|Updated: Catholic Church Official in Residence at Altadena Church Resigns Position over Abusive Priest
By Dan Abendschein
February 14, 2011
A priest in residence at St. Elizabeth's Catholic Church resigned his position with the Archdiocese of Los Angeles last week after church officials realized he had cleared a priest with an abusive past to work at a San Dimas church.
Monsignor Michael Meyers was the archdiocese's vicar for clergy, a position that required him to check a priest's credentials to make certain he didn't have any legal troubles that should prevent him from being "given faculties" to serve at a church, according to Tod Tamberg, a spokesman for the archdiocese.
In 2009, Meyers granted faculties to a priest named Rev. Martin O’Loghlen, who had admitted in a press report to having had sex with an underage girl in the 1960s, Tomberg said.
A simple search would have revealed O'Loghlen's past, Tomberg said.
"[Meyers] did not go and check to see if O'Loghlen had ever had any other service in the archdiocese," Tomberg said. "A five minute search would have revealed his past.... if he had done that he would have realized he could not grant him faculties."
Meyers credentials as a priest have not been revoked, and he still is permitted to perform services at area churches, Tomberg said.
Altadena Patch left a message seeking comment for Meyers at St Elizabeth's, but the monsignor directed the inquiry to the Archdiocese of Los Angeles. A church official said that Meyers would continue to be in residence at the church for the time being- he is a visiting priest, not the head pastor at St Elizabeth's.
Tomberg said that Meyers had received a letter from a church official deeming O'Loghlen as being fit for service when he credentialed him in 2009. Tomberg described the letter as "not credible."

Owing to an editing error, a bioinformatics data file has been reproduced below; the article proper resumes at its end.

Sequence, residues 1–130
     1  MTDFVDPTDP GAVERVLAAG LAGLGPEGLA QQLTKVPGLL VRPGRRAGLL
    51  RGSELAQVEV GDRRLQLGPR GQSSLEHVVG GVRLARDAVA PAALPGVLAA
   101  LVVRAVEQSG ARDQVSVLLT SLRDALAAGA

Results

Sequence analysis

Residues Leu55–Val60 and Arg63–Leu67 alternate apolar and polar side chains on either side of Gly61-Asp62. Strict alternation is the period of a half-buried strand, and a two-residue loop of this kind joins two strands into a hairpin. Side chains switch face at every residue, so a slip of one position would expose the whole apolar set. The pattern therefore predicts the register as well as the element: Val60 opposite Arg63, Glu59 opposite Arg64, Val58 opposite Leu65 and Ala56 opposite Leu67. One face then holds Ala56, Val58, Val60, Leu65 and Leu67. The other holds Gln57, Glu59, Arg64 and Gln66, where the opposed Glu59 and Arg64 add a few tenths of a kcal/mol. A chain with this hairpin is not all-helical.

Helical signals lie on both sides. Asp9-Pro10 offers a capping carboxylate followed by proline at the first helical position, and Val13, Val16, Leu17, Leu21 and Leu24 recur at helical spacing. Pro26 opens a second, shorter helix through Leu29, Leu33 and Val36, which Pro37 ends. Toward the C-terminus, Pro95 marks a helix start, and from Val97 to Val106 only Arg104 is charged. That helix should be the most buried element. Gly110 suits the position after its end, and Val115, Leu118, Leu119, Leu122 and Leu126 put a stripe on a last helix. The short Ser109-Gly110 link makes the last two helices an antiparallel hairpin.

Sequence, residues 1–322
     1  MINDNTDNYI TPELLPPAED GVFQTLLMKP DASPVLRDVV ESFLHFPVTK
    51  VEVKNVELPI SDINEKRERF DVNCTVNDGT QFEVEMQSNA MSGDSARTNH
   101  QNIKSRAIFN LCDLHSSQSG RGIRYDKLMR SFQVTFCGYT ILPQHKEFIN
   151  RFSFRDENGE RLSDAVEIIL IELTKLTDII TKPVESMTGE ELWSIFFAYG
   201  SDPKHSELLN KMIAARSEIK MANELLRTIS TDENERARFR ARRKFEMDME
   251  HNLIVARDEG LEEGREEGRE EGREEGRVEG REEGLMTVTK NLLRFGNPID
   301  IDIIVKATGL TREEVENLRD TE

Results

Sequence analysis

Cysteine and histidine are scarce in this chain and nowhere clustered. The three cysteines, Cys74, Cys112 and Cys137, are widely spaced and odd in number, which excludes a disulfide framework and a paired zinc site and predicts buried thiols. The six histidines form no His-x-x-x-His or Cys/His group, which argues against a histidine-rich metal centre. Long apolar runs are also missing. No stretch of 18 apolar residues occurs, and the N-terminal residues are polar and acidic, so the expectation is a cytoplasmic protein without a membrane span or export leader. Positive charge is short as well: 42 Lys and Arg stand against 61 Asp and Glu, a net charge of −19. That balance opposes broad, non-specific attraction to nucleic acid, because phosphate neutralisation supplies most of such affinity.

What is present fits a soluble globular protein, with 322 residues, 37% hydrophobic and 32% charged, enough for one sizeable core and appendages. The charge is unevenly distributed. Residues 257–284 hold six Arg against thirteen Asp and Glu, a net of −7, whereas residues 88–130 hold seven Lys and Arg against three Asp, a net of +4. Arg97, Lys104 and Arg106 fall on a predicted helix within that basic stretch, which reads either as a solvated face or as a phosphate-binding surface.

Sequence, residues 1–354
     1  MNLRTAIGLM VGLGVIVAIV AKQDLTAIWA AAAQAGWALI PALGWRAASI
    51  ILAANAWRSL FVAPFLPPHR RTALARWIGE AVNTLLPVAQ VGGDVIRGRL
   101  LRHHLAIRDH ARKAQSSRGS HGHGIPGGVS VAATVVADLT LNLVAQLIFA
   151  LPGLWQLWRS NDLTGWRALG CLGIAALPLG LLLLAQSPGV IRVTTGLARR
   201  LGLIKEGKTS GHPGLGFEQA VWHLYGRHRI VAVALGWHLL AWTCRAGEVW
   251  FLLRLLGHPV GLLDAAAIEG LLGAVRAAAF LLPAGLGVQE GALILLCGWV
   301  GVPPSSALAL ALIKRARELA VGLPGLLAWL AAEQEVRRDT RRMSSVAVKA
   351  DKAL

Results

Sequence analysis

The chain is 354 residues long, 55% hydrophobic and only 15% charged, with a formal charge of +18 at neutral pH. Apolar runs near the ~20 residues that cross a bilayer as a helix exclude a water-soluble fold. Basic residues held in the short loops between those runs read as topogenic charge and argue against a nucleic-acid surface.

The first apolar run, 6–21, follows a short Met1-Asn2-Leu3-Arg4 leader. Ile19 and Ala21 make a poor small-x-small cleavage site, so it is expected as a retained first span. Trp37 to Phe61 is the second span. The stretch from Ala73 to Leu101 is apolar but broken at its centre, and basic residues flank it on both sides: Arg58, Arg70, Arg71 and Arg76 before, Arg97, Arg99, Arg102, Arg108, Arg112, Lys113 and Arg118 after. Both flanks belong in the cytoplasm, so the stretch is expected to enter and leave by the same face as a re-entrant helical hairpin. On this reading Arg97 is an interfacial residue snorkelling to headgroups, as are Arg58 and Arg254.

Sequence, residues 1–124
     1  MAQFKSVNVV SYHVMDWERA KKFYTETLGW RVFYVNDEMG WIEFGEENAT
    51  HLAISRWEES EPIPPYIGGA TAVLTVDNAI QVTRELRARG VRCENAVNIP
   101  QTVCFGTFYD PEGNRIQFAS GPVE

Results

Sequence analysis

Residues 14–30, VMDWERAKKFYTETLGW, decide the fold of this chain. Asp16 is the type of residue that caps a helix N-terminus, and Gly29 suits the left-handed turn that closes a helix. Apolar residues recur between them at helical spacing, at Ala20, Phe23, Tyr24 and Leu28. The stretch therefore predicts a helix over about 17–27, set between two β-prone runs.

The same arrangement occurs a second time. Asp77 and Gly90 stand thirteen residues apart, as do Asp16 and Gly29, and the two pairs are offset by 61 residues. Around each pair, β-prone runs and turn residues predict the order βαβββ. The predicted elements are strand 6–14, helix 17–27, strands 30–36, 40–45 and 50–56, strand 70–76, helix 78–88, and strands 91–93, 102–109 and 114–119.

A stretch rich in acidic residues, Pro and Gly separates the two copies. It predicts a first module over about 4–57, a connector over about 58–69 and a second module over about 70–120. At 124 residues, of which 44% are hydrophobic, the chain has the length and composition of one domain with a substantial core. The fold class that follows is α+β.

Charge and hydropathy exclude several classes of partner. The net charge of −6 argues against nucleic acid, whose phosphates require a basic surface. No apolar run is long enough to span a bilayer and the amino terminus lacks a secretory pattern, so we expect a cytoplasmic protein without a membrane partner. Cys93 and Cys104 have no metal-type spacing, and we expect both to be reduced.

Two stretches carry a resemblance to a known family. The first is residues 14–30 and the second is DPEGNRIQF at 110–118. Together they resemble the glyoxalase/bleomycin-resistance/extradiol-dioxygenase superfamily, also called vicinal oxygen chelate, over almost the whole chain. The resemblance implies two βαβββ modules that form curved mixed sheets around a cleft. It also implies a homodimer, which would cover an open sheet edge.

According to a New York Times story on O'Loghlen, the priest admitted in the mid-1990s to having a relationship with a 16-year-old girl when he was serving as a priest in La Puente in the 1960s.
The victim, a Bishop Amat student at the time, later sued O'Loghlen and settled the case for $100,000 in 1999, according to the Times story.
O'Loghlen went on to serve on a sexual abuse advisory board at the church, and most recently before coming back to L.A County served as a priest in the Phillipines, according to the Times.
Update: County authorities likely never opened an investigation into the case because it was reported decades after it happened. According to the California penal code, felony statutory rape cases have a limitation of three years after the offense for filing unless there is still DNA evidence, in which case it is 10 years.
Update: Willow Hale, a parishioner at St. Elizabeth's, said she was sad to hear of Meyers' resignation and felt like he was taking too much of the blame for O'Loghlen going unexposed.
"I felt like he got thrown under the bus for sure," Hale said. She said that based on what she has read of O'Loghlen that others in the church besides Meyers should have known of his past.
She said Meyers is extremely popular at St. Elizabeth's and said she described him as one of the best priests she has ever known.
"He's really outstanding, very smart, very schooled, very compassionate," Hale said.
She added that Meyers spends a lot of time with parishioners after service and is very selfless about giving his time to help people with their problems.
She said he has been in residence at St Elizabeth's for about three years and will be there until July. She said she believes everyone at the church is very supportive of Meyers and his resignation will not impact his duties at St Elizabeth's.
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